I will talk about what’s going on, covering which personal decisions and lifestyle choices I encounter as a parent, but I don’t think there is any part of me that cares about converting anybody anymore, to whatever viewpoint I have.
Yet still, I am very passionate about what I talk about; it’s just that I only really talk about what I am passionate about.
It’s actually funny to me now, considering I used to care about “being right” in parenting.
The way I see it now, is that I don’t give parenting advice, I just simply go through new phases in my life, consisting of both baby steps and major milestones. If my perspective and narration accidentally serves as advice, well… then I will consider myself accidentally honored.
Something I am really enjoying about our vacation this year is that you have older cousins here to babysit and entertain (and “dote” on) you the entire time.
Granted, that doesn’t mean I have no responsibilities. I’m still helping with meals, baths, and bedtime. But for the most part, I sort of feel like I’m actually on vacation a little bit more than usual.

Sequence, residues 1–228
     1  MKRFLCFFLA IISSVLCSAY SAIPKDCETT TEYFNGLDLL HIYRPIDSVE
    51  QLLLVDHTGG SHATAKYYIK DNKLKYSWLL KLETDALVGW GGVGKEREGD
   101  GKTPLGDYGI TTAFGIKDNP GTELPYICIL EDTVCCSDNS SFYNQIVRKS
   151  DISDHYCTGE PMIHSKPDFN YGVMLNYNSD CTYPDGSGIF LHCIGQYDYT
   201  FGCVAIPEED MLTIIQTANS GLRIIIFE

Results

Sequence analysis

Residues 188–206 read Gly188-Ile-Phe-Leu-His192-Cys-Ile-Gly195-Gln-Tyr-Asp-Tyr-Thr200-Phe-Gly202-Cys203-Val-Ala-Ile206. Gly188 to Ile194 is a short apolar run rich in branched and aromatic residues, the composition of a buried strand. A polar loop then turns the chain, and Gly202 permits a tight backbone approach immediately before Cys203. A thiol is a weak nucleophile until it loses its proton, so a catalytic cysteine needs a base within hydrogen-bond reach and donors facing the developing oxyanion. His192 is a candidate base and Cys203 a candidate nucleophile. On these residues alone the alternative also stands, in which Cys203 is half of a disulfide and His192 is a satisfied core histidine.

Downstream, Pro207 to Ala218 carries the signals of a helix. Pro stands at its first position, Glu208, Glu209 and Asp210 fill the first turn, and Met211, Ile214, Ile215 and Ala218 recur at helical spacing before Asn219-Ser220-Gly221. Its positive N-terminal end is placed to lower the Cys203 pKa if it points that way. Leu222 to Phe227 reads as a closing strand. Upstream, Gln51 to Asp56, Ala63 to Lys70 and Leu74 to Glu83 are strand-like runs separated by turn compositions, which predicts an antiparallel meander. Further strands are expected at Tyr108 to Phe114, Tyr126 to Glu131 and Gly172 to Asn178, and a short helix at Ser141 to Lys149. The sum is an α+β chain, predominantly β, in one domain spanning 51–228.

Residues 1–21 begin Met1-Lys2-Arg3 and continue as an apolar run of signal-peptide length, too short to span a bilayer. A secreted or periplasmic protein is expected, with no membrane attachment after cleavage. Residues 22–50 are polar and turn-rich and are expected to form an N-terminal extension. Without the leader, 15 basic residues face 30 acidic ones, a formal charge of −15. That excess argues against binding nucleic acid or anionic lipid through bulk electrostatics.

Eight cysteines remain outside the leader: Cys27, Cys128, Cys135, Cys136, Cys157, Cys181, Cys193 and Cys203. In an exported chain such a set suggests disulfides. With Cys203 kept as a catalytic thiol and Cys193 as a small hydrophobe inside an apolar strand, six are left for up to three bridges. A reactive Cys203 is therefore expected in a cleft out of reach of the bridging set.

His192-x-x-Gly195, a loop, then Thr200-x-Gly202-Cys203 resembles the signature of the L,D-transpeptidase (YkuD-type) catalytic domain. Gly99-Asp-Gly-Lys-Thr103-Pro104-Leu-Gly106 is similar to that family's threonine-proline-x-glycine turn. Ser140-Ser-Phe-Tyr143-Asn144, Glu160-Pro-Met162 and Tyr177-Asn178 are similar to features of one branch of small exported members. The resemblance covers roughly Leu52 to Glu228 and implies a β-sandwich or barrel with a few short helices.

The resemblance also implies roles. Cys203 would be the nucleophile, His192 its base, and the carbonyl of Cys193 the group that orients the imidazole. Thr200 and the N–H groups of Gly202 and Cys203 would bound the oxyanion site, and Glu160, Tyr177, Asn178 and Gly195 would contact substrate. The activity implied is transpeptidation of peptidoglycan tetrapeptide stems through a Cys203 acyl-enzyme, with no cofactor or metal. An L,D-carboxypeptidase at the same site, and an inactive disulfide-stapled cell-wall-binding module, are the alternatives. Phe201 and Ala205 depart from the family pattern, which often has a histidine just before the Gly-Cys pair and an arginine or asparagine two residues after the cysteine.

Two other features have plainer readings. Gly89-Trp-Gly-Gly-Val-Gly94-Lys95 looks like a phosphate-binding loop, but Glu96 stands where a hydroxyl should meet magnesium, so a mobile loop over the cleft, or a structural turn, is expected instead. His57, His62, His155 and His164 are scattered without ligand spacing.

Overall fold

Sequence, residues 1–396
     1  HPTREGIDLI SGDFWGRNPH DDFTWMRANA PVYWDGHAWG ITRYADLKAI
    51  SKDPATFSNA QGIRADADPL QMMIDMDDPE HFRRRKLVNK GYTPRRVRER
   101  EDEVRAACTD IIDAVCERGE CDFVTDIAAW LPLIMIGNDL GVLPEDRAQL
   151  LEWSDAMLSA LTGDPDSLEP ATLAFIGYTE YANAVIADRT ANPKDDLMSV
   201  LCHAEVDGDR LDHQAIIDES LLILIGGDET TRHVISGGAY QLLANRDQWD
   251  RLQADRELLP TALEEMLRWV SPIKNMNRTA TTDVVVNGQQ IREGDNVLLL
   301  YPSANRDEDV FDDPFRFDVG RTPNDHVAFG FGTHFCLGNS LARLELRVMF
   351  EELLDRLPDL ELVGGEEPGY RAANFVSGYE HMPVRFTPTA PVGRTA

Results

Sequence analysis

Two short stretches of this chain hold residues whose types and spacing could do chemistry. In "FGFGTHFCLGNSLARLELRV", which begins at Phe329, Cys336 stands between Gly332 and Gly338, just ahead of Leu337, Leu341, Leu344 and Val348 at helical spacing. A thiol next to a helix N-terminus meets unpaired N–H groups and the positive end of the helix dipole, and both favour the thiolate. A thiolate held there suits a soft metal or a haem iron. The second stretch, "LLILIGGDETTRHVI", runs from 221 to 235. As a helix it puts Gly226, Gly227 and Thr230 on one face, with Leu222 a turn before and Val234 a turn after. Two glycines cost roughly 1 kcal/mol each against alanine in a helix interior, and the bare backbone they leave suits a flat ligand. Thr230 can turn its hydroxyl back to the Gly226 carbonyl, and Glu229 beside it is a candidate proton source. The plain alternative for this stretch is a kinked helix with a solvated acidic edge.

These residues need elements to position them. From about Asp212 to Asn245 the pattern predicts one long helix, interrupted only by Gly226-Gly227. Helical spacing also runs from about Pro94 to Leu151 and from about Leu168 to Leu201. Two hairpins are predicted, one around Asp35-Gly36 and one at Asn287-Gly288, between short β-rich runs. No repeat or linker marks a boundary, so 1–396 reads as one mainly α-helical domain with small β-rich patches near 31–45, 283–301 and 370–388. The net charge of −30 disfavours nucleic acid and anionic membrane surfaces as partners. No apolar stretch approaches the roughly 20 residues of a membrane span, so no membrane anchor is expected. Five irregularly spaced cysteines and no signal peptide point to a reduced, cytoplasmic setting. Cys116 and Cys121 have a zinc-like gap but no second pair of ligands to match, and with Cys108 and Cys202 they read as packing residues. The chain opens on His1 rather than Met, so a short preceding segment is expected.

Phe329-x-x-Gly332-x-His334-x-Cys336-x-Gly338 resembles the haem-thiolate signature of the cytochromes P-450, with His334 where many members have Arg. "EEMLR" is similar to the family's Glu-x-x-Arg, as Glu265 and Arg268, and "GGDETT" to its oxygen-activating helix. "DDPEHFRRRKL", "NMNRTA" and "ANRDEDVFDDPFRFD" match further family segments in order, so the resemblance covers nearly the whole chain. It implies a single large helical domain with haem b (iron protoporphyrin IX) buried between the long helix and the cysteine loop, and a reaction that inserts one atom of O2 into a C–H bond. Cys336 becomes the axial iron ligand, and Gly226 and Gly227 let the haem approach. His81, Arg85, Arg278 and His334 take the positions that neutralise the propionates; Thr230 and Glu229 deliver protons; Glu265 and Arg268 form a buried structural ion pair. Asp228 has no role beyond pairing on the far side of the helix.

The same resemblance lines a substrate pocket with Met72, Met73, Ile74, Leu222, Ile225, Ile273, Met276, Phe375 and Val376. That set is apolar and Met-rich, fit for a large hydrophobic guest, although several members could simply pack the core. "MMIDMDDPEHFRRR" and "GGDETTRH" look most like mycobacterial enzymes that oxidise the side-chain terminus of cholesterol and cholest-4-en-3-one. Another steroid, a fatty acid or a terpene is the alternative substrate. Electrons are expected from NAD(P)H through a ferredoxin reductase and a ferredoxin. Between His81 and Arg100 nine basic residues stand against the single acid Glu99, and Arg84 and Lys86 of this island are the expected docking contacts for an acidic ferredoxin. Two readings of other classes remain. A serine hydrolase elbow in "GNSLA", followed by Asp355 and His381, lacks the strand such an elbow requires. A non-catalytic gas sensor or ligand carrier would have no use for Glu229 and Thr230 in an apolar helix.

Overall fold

You’re having plenty of fun and it’s okay that I have more of passive role this week.
“My reasons for wanting another child, when I sporadically do, are never sincere enough or truly legitimate… If we’re going to grow our family, I want it to be ‘for the right reasons,’ and I’m not even sure what they are anyway.”
So since I wasn’t sure, I asked my friends on Facebook, “What are the “right reasons” for having another child?… What are the wrong reasons?”
My friend Alissa summed it up perfectly, in my opinion: “The right reasons are if you want another child. The wrong are if other people tell you you should.”
On top of that, my friend Rhonda gave me an answer I related to 100% at this point in my life:
“Someone asked me this the other day, and when I got honest it just came down to not wanting the responsibility & stress of more children. Selfish maybe, but true. No plans right now to have any more.”
I love her simple honesty.
It’s true for me, personally. Because it’s not that I can’t handle the responsibility and stress of a child. Instead, I am saying that the responsibility and stress of another child, in addition to one already, is enough of a reason to justify not having another child.
Others may disagree, but I don’t see anything selfish about admitting that.
I don’t see it as selfish for me to feel, think, and say out loud that you make our family complete and that if it’s up to me, at this point, I would choose not to take on more responsibility and stress like that. Again, that could change.
Like clockwork, Mommy could find out we’re having another baby around your 4th birthday. That seems to be the ironic plot line for families of three who plan to remain families of three, at least.